Arthur is aggrieved to still find himself stationed in Salonika, 'No! I have not yet got away: (much to my regret)' he had expected to begin his journey home ion his return to his unit, but was shocked to learn, along with another forty men, there had been an 'embargo' placed on all clerks. The dispatch had come from the Director of Supplies and Transport that no personnel from the; Royal Army Service Corps (RASC), Horse Transport, Motor Transport and Supplies would embark on demobilisation for three weeks; 'All RASC personnel urgently required'. It would appear that the Royal Army medical Corps is also suffering the same restrictions. Arthur consoles with other fellow 'chums' who have been in Salonika since September 1915, especially on one poor man from Preston, who had not been given leave to see his wife since his arrival there. Arthur calls it a 'scandal'. He is appalled by the behaviour of his commanding officers who appear to launder great deals of profit siphoning goods from the Government Stores and Supplies. They are well billeted, often in 'luxurious' accommodation Arthur bemoans, and enjoyed good food. He is shocked by their behaviour towards the nurses of the Women's Auxiliary Defence Service, whom it would appear are quite happy themselves, to go for 'joy rides' with Officers. The nurses' conduct does not reflect how they would normally behaviour in England, this has surprised Arthur, 'Nobody has more respect for women than I but I have not much for the British women out here.' Arthur feels there is a great deal of waste of tax payers money, the officers put in claims for 'extravagant expenditure[s]', money Arthur feels, which is been taken away from, 'pensions of ex-servicemen and dependants'. He wonders at what price 'Peace' will come. Britain he believes is a 'wealthy country' till it comes to paying for the 'lower ranks' especially after the Government has paid for the 'pleasure hunting' of the '"Nuts" (Sam Browns and Red Caps)'. Arthur envisages himself getting in to trouble for 'voicing [his] grievances'. Arthur closes by apologising for his outburst, and assures his parents that he is in the best of health and spirits. It is just the nature of the conditions he has experienced and witnessed which makes him so aggrieved for his fellow comrade in arms. He advises them not to write as he expects to be beginning his journey home in three weeks, he will write only to them from now on, but asks for his love and best wishes to be passed on to the rest of his family and friends.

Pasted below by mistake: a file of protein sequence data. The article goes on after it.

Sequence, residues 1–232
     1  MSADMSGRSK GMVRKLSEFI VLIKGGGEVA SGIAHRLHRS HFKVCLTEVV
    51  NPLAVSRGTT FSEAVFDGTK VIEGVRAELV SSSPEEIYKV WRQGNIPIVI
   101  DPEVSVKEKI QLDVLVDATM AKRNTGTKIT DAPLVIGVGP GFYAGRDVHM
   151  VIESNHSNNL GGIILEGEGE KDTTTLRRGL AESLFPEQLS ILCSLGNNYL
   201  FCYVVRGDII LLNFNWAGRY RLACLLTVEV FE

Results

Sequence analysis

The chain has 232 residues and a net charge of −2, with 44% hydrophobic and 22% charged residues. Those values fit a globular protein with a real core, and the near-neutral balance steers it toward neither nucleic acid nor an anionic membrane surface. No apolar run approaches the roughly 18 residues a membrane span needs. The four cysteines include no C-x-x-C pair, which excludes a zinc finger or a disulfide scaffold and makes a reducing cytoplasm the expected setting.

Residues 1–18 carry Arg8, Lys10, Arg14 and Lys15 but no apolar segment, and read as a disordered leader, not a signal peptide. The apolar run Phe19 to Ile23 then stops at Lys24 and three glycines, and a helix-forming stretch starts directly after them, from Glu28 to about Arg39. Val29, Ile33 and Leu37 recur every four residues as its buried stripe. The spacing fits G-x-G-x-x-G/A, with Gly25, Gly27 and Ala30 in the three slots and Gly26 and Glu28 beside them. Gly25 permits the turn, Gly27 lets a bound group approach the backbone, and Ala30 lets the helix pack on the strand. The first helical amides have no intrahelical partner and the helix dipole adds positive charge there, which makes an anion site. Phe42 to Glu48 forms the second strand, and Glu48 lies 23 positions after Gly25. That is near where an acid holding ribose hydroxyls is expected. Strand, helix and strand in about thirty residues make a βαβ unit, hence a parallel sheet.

Dated at: Salonika, Greece.